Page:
At 1 keV the effective area in the HETG/HEG is small, so almost all signal will come from the HETG/MEG orders -1 and +1. These two orders might be different if one of them falls into a chip gap or one of them falls onto a front-side illuminated ACIS-S chip and the other one on the backside illuminated chip. So, we want to simulate both those orders. We download sample grating arf and rmf files from the Chandra proposers website.

In [16]:
# You can use your webbrower to download them, but I like Python ;-)
import urllib.request 
import os
# Here for cycle 21 proposals
website = ''
for name in ['aciss_meg1_cy21.grmf', 'aciss_meg-1_cy21.grmf', 'aciss_meg1_cy21.garf', 'aciss_meg-1_cy21.garf']:
    urllib.request.urlretrieve(website + name, name)

We are now ready to simulate the spectra. We set the source model to the model we fitted to IM Lup above and simulate observations for 300 ks. That number is a simple guess, based on the fact that TW Hya seems an order of magnitude brighter than IM Lup around the Ne IX triplet and TW Hya observed with HETGS has enough counts (Kastner et al., 2002).

In [17]:
ui.set_source(10, "xsphabs.a1 * (xsvapec.v1 + xsvapec.v2)")
ui.set_source(11, "xsphabs.a1 * (xsvapec.v1 + xsvapec.v2)")
ui.fake_pha(10, 'aciss_meg1_cy21.garf', 'aciss_meg1_cy21.grmf', 5e5)
ui.fake_pha(11, 'aciss_meg-1_cy21.garf', 'aciss_meg-1_cy21.grmf', 5e5)
In [18]:
In [19]:
ui.group_width(10, 2)
ui.group_width(11, 2)

ui.plot_fit(11, overplot=True)
# Then get the axis object for that plot and modify plot using normal matplotlib to change the appearance
ax = plt.gca()
ax.set_xlim(13.35, 13.8)
ax.set_ylim(-0.0005, 0.0035)
ax.set_title('Simulated MEG spectra for IM Lup')
lines = ax.get_lines()

ax.axvspan(13.43, 13.47, color='0.5', alpha=.5)
ax.axvspan(13.53, 13.57, color='0.5', alpha=.5)
out = ax.axvspan(13.68, 13.72, color='0.5', alpha=.5)

Figure: Simulated spectrum Simulated MEG spectra for orders -1 and +1. Data points with error bars are simulated counts. The orange and red lines show the models going into the simulation. The location of the three lines in the Ne IX triplet is highlighted in gray.

We see in the plot that the Fe lines do not contribute much to the observed signal. If this turns out to be wrong later, we can resolve them in the data. For now, we just add up all the counts in the plotted range for both spectra and see if our simulated observing time is sufficient to reach 60 counts. If the number of counts is below 60, we increase the simulated time, if it is too high, we reduce the simulated time until it works out.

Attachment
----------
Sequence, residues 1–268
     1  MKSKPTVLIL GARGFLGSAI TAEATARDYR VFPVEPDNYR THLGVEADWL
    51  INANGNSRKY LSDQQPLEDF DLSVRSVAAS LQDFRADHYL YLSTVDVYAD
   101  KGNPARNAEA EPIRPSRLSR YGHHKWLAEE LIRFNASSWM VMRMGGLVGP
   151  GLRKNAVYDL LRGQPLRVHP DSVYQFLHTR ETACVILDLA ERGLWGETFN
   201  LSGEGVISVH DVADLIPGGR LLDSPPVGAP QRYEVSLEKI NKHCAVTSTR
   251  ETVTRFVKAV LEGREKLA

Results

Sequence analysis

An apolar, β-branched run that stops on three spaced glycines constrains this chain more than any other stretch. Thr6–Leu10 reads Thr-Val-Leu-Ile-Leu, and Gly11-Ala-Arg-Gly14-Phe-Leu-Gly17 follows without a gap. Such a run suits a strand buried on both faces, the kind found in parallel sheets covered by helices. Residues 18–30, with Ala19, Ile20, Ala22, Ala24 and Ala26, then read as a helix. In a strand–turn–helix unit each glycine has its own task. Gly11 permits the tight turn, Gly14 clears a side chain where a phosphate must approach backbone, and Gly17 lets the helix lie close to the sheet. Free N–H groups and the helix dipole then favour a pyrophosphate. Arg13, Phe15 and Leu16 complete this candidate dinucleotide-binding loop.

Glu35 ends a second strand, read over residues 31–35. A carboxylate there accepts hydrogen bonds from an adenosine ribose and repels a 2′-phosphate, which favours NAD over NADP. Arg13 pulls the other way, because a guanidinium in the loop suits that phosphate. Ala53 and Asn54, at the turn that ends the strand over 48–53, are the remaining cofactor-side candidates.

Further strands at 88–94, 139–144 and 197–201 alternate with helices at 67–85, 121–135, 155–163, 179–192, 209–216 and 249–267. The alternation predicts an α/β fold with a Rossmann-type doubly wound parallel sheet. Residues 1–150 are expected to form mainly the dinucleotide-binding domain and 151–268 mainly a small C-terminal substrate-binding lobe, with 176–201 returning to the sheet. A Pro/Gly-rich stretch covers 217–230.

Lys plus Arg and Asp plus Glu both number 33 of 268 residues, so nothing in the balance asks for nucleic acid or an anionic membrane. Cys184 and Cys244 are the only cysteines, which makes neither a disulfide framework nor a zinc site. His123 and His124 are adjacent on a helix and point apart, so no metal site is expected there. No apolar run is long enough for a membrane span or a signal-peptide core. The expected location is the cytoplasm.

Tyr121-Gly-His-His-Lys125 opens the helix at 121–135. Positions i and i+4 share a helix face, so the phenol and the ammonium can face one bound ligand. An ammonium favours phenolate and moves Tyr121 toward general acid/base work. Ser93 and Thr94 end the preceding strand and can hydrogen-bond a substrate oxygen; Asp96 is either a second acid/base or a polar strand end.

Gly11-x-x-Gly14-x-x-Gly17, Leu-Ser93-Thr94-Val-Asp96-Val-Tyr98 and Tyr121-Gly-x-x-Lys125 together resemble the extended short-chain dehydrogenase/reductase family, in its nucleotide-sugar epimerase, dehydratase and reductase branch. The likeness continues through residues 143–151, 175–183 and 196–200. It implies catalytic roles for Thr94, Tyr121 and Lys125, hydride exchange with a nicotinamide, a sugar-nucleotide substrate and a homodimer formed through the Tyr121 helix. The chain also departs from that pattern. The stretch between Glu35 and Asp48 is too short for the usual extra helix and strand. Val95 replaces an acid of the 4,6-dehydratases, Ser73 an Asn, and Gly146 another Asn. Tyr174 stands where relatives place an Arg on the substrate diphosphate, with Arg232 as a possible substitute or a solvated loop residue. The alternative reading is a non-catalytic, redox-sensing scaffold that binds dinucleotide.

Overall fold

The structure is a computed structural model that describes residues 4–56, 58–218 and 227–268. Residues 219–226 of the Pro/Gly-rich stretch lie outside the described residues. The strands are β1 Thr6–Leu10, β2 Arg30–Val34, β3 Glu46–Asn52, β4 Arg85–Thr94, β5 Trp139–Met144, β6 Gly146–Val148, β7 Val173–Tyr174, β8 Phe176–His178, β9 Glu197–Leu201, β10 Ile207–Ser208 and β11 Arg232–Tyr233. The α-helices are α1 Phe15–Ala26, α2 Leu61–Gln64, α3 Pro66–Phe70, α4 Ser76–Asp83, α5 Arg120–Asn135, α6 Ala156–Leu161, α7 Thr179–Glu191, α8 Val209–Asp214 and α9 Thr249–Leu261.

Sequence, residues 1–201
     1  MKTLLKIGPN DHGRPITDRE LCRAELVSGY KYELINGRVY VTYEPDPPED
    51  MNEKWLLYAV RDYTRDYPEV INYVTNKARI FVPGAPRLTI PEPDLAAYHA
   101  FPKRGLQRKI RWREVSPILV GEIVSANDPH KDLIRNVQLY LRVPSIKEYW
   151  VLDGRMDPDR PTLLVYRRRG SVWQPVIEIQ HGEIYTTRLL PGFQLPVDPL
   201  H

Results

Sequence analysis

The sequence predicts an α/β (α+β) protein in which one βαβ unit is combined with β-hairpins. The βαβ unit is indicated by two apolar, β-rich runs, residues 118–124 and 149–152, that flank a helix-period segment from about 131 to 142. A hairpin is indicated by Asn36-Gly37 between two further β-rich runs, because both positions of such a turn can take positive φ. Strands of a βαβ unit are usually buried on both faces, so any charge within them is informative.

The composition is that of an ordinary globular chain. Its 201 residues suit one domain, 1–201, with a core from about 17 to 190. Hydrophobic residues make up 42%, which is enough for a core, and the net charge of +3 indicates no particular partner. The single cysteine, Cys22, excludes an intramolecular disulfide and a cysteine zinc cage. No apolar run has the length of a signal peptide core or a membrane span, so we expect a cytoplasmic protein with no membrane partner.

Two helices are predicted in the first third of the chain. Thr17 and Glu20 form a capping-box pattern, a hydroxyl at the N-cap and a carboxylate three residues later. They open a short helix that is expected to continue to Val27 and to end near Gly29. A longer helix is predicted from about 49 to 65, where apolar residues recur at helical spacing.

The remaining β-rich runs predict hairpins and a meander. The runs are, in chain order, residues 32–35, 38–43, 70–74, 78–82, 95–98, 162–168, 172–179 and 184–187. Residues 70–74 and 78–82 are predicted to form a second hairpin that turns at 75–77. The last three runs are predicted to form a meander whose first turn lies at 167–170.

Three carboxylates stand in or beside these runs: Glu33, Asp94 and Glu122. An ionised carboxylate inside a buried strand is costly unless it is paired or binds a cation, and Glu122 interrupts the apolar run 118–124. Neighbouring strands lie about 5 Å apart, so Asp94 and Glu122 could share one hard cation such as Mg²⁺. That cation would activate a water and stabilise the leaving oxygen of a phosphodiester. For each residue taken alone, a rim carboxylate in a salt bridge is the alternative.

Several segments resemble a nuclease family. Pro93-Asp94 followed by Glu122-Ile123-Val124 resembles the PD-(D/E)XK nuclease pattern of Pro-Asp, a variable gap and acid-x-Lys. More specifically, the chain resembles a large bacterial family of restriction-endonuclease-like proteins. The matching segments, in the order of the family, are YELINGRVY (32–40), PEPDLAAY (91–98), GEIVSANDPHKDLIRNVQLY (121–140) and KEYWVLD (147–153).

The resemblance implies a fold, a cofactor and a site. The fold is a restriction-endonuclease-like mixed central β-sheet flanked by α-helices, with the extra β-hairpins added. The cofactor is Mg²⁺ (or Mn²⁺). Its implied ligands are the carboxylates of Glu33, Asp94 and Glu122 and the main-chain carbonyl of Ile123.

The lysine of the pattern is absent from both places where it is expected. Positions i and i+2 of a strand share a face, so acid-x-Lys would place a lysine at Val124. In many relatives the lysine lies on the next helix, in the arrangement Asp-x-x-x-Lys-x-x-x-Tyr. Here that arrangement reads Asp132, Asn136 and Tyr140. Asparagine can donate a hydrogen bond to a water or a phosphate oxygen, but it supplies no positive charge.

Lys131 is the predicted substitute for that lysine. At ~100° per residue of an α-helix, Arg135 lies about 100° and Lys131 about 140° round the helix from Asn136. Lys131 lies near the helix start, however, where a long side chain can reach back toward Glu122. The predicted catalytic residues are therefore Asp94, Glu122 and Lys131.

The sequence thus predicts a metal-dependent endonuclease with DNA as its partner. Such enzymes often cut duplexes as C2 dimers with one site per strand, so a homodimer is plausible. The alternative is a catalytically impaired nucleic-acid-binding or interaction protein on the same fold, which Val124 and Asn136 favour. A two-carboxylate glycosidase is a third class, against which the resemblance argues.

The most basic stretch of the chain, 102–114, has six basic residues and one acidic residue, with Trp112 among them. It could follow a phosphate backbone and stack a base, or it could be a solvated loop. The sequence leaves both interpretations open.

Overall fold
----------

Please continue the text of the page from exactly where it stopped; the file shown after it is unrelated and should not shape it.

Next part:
There are some approximations in here, so we don't aim for an exact solution. We are not going to write a proposal for e.g. 453.27 ks, instead we would round that to 450 ks.

In [20]:
dat = ui.get_data(10)
wave = dat.get_x()
index = (wave > 13.4) & (wave < 13.8)
dat2 = ui.get_data(11)
wave2 = dat2.get_x()
index2 = (wave2 > 13.4) & (wave2 < 13.8)

print('Total number of counts in the wavelength region shown in the plot above')
print('Both orders combined: ', dat.counts[index].sum() + dat2.counts[index2].sum())
Total number of counts in the wavelength region shown in the plot above
Both orders combined:  44.0

(Note that the counts are drawn from a Poisson distribution, so even running the same simulation again will give you a different answer). When writing the proposal, I would include one or two plots from this analysis into the proposal, e.g. the PN spectra and the simulated spectrum.

I've made the experience that TACs like to see simulated data because it gives them a quick, visual way to check if the signal will be good enough and you have a realistic chance to achieve your science goals. On the other hand, everybody writing a proposal is always pressed for space, so you have to decide if it's worth it.

A few final thoughts

How long should my observation be?

The short answer is "As long as it needs to be to answer your science question". There is no statistical correlation between proposal success rate and observation time. That does not mean that you should ask for more time than you need, it just means that you should not be afraid to ask for a lot of time if that's what it really takes to answer an important science question.

What to do if the time I calculate is really, really long?

If your estimate comes out far too long, longer then the longest proposal ever observed (I've made a simulation where I concluded that I need 10 Ms(!) for a single star), then it might not be worth your time to write a proposal for that. Instead, think about looking for different objects, or see if you can address your science question at a different wavelength (in the example above, we chose Ne IX over O VII, because observations using O VII would be unfeasible long) or maybe with a different telescope.

Special note: 350 or 400 ks?

Chandra has different categories for proposals depending on the time required where large (currently 400 ks and longer) and very large projects are treated differently in the review process. For a proposal right on the boundary, I recommend to study the Chandra Call for proposals to decide between a normal and a large project.

Supporting material

The IM Lup proposal discussed as an example here has been submitted to peer review and was accepted and observed by Chandra.

Do not plagiarize! Chandra uses plagiarism detection software and rejects proposals found to plagiarize. Do not copy and paste the text from this webpage simply changing the numbers; instead, use it as a guide how you might present your own calculations. Also, note that the Chandra effective area changes with time. At the time, we could get 60 counts in 150 ks, while it requires longer observations today.

You can find the pdf version of the real proposal on .

The data on IM Lup is available in reduced form from TGCat (link to IM Lup in TGCat) and has been published. As it turns out, IM Lup was less bright during the new Chandra observation than in the XMM-Newton data that we used to estimate the exposure time and thus the results are not 90% significant. Such is life. The data are still useful. Keep in mind that we have more information than just the Ne IX triplet that we concentrated on for the proposal. We can measure temperatures and abundances, and make use of supporting ground-based optical data that helps us with the interpretation of the X-ray spectrum (Günther et al., 2010).